Ok, I only managed to watch three quarters of an hour of the "prime ministerial" debate last night - and that was more than enough to get me dozing off in my armchair. As debates go, it was one hell of a yawn and if this is the best that they can come up with galvanise the public into going to the polling booths to cast their votes then we could be in for a record low turn out on May 6th.
Where do I begin? I suppose the best place is to start with the policies and hard substance that the three leaders came up with.
OK - that's got that bit over with so let's move on to what this was really about - style and personality.
Brown looked awkward and shabby. For some reason he always reminds me of the TV detective Lieutenant Columbo played by Peter Falk - perhaps it's the dodgy eye. If his stylists gave him a grubby mac and stuck a half-chewed cigar in his paw he'd probably appeal much more to viewers than he does now. Or he might look like a flasher - it's hard to know unless they try it.
Of course, they can't do that because modern politicians never wear overcoats these days (because they are rarely out of their cars) and because being seen to be a smoker is considered slightly worse than strangling cats for a hobby.
Cameron looked shifty. The poor man tries so hard to appear sincere, but fails miserably - he just comes across as opportunist and fake. Part of the problem is that nobody knows what he stands for still. He talks in vague, sweeping generalisations and mouths the required rhetoric - but none of it sounds genuine no matter how hard he tries to appear earnest and passionate. It's clearly as false as Lt. Columbo's glass eye.
Clegg won the "debate" easily - but that was to be expected. As the leader of the Liberal Democrats he has nothing to defend so could spend all his time on the attack - but the man looked like a sixth former at a school assembly alongside his headmaster and geography teacher. That image was exacerbated by the patronising way both Cameron and Brown repeatedly kept trying to ally themselves to Clegg - possibly a tactic in the event of a hung parliament.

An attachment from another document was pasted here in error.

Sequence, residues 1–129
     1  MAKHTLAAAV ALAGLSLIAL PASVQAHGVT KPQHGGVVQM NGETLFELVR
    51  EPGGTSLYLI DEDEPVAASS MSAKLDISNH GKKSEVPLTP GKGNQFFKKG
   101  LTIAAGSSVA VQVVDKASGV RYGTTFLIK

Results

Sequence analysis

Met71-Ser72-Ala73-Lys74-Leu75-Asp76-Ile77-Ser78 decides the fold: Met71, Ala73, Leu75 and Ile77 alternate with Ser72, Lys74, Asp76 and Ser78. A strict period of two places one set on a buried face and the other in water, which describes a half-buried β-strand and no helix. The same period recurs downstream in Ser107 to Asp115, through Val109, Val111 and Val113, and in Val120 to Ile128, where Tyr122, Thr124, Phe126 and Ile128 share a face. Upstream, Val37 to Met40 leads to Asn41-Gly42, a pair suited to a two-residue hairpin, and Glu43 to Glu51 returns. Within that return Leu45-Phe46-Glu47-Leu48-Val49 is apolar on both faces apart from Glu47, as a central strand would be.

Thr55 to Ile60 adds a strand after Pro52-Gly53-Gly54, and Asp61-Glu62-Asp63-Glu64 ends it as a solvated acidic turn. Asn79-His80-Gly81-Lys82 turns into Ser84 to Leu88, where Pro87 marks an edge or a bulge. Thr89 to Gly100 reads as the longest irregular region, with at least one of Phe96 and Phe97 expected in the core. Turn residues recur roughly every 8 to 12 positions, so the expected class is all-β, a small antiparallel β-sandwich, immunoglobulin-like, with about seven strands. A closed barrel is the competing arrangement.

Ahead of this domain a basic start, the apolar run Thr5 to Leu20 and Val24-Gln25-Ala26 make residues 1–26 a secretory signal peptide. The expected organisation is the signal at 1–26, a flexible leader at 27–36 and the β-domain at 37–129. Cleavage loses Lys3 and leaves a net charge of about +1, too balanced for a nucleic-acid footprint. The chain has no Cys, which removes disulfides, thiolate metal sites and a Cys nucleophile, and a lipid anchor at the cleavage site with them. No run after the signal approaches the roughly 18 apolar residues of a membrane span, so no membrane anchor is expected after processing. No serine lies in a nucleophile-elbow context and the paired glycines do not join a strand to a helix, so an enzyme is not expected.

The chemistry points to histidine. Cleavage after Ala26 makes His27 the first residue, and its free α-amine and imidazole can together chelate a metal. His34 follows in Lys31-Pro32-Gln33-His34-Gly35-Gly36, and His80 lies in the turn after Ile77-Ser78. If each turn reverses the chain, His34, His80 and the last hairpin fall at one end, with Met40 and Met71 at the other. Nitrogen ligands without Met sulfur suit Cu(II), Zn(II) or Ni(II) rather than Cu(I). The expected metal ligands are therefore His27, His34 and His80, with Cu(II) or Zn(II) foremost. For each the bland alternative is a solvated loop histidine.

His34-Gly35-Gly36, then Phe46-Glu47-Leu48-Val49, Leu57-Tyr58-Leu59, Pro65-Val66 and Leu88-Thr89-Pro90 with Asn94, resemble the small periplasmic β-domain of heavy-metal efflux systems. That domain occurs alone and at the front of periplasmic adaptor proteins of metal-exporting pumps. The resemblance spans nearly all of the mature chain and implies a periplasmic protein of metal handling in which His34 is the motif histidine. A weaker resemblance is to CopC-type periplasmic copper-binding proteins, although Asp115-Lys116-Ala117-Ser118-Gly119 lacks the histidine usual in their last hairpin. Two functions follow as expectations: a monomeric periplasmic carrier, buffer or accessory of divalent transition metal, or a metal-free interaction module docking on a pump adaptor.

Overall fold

Ultimately, none of them had anything to say that was new, fresh or even vaguely approached the idea of real solutions to Britain's many problems. Worst of all, they all seemed to agree on the fundamental approach to these problems with only minor differences on detail. This is, of course, because all three lead parties with broadly similar political philosophies - left of centre progressive liberalism.
Overall, the event confirmed my worst fears. It will do nothing to improve the democratic process of Britain but will further entrench the social liberal hegemony. The media got what they wanted - they froze out dissent, stifled argument and bolstered the liberal elite's stranglehold on British politics.
They'll spend the next few days telling us how fantastic this was - how it was "groundbreaking" and will change the face of British politics forever. In truth it was dull, dishonest and instead of changing anything it has merely ensured that the progressive liberal hold on the political system - an ideology supported by the media at the expense of all others - remains intact.
I suspect that was always the intention.